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What’s an IUD?

What’s an IUD?

What’s an IUD?

An IUD is a tiny device that’s put into your uterus to prevent pregnancy. It’s long-term, reversible, and one of the most effective birth control methods out there.

What does IUD stand for?

IUD stands for Intrauterine Device (basically: a device inside your uterus). It’s a small piece of flexible plastic shaped like a T. Sometimes it’s called an IUC — intrauterine contraception.

What are the types of IUDs?

There are 5 different brands of IUDs that are FDA approved for use in the United States: Paragard, Mirena, Kyleena, Liletta, and Skyla.

These IUDs are divided into 2 types: copper IUDs (Paragard) and hormonal IUDs (Mirena, Kyleena, Liletta, and Skyla).

Copper IUDS

How effective are copper IUDs when used as emergency contraception?

ParaGard is an intrauterine device (IUD) that can provide long-term birth control (contraception). It’s sometimes referred to as a nonhormonal IUD option.

The ParaGard device is a T-shaped plastic frame that’s inserted into the uterus.

How you prepare: ParaGard can be inserted anytime during a normal menstrual cycle. If you just had a baby, your doctor might recommend waiting about eight weeks after delivery before inserting ParaGard.

Before inserting ParaGard, your health care provider will evaluate your overall health and do a pelvic exam. You may have a pregnancy test to confirm you’re not pregnant, and you may be screened for STIs. Also, taking a nonsteroidal anti-inflammatory drug, such as ibuprofen (Advil, Motrin IB, others), one to two hours before the procedure can help reduce cramping.

How does it work?

Copper wire coiled around the device produces an inflammatory reaction that is toxic to sperm and eggs (ova), preventing pregnancy. ParaGard is the only copper IUD available in the United States.

Therefore, it is one of the most effective method of emergency contraception available. If you get it within 120 hours (5 days) after having unprotected sex, it’s more than 99.9% effective at preventing pregnancy. It can prevent pregnancy for up to 10 years after insertion.

Hormonal IUDs

Hormonal IUDs are inserted in a similar fashion as the copper IUD. A licensed trained practitioner can only administer these.

The Mirena, Kyleena, Liletta, and Skyla IUDs use the hormone progestin to prevent pregnancy. Progestin is very similar to the hormone progesterone that our bodies make naturally.

Types of Hormonal IUDs


The Mirena device is a T-shaped plastic frame that’s inserted into the uterus, where it releases a type of the hormone progestin. To prevent pregnancy, Mirena thickens mucus in the cervix to stop sperm from reaching or fertilizing an egg. It also thins the lining of the uterus and partially suppresses ovulation. In addition, Mirena is also used for the treatment of heavy menstrual bleeding in women. Mirena prevents pregnancy for up to five years after insertion. It’s one of several hormonal IUDs with Food and Drug Administration approval.


The Kyleena IUD consists of a soft, flexible plastic frame in the shape of a T. As a way to prevent pregnant, this IUD slowly releases progestin into the uterus over a period of 5 years. This hormone promotes thinning the lining of the uterus, thickening of cervical mucus, which inhibits sperm movement and reducing sperm survival.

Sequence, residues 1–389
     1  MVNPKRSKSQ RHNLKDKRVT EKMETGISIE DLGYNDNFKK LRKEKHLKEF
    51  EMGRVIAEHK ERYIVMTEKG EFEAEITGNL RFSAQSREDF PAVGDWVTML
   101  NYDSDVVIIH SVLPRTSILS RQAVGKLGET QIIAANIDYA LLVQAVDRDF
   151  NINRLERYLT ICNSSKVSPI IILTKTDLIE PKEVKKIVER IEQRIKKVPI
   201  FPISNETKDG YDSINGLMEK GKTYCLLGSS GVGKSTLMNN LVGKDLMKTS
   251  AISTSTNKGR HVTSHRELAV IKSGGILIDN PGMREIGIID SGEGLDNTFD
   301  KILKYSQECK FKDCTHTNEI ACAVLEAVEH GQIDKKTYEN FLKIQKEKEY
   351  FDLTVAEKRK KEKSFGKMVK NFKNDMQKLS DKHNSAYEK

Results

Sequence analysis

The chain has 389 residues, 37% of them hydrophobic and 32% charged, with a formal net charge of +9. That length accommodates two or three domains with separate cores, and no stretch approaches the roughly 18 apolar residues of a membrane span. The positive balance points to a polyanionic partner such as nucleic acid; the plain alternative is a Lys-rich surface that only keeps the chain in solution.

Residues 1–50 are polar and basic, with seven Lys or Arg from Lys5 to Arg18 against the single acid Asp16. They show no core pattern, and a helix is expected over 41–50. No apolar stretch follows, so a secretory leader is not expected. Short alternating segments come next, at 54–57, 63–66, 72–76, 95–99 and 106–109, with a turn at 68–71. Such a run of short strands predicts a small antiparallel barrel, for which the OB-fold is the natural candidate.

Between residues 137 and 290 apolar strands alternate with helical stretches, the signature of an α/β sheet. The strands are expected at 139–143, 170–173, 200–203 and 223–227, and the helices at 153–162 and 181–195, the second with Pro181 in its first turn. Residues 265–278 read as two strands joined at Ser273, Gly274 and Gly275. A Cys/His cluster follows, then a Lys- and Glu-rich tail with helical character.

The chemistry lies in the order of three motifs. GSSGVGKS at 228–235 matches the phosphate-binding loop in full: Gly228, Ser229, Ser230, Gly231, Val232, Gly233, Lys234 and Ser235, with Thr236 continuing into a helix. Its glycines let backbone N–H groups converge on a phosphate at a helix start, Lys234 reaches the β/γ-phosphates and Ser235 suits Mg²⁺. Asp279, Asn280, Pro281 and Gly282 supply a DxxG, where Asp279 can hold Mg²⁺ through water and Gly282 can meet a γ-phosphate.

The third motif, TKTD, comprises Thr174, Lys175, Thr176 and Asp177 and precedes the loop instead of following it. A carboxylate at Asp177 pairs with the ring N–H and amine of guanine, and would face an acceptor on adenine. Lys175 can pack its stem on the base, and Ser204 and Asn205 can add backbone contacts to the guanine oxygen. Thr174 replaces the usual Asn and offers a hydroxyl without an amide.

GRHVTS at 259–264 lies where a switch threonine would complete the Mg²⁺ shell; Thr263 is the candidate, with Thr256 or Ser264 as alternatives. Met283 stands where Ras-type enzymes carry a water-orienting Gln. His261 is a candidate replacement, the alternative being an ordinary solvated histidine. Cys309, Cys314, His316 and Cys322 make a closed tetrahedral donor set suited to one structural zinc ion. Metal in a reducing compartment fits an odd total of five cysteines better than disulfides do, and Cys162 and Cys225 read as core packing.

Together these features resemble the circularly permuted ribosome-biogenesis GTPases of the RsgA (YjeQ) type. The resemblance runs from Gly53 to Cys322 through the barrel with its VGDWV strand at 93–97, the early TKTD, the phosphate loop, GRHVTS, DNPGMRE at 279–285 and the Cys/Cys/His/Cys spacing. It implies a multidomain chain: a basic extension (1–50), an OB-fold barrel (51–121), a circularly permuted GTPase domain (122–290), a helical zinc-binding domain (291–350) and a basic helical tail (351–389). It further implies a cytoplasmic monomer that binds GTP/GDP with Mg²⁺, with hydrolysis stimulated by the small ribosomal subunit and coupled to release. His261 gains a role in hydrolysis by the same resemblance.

The Kyleena IUD contains 19.5 mg of progestin, levonorgestrel. It releases 17.5 mcg of this hormone per day. After one year, this rate slowly declines to 9.8 mcg daily, and then to 7.4 mcg per day. It is FDA-approved for use in women who have or have not give birth. It’s one of several hormonal IUDs with Food and Drug Administration approval.


Liletta is a small, flexible plastic T-shaped system that slowly releases a progestin hormone called levonorgestrel (LNG) that is often used in birth control pills. Because Liletta releases LNG into your uterus, only small amounts of the hormone enter your blood. Liletta does not contain estrogen.

Two thin threads are attached to the stem (lower end) of Liletta. The threads are the only part of Liletta you should feel when Liletta is in your uterus. However, unlike a tampon string, the threads do not extend outside your body.

So, Liletta is very similar to the Mirena IUD except that Liletta is currently approved to be effective for up to 3 years and isn’t used to treat heavy menstrual bleeding in women like Mirena. It’s one of several hormonal IUDs with Food and Drug Administration approval.


Sklya is very similar to Liletta and Mirena with the shape and how it is inserted, however the amount of hormone being released is slightly different. For instance, Skyla initially releases 14 mcg of levonorgestrel per day and can be used for up to three years. It’s one of several hormonal IUDs with Food and Drug Administration approval.

To break it down:
  • Mirena initially releases 20 mcg of levonorgestrel per day and is FDA-approved for up to five years.
  • Liletta initially releases 19.5 mcg per day of levonorgestrel and is approved for four years of use.
  • Skyla initially releases 14 mcg of levonorgestrel per day and can be used for up to three years.
  • Kyleena initially releases 17.5 mcg of levonorgestrel per day. It can remain in place for five years.

Here we broke down the different types of IUDs and explained their efficacy. However, no birth control is 100% effective besides abstinence. In a rare case of pregnancy while on these different birth control methods, know that there options to terminate the pregnancy. Consult with your provider to better understand which method would be best for you and your body. In conclusion,  you can see one of our providers here at Garden State Gynecology to inquire about IUDs or to talk about a more permanent birth control method. Call to make an appointment today!

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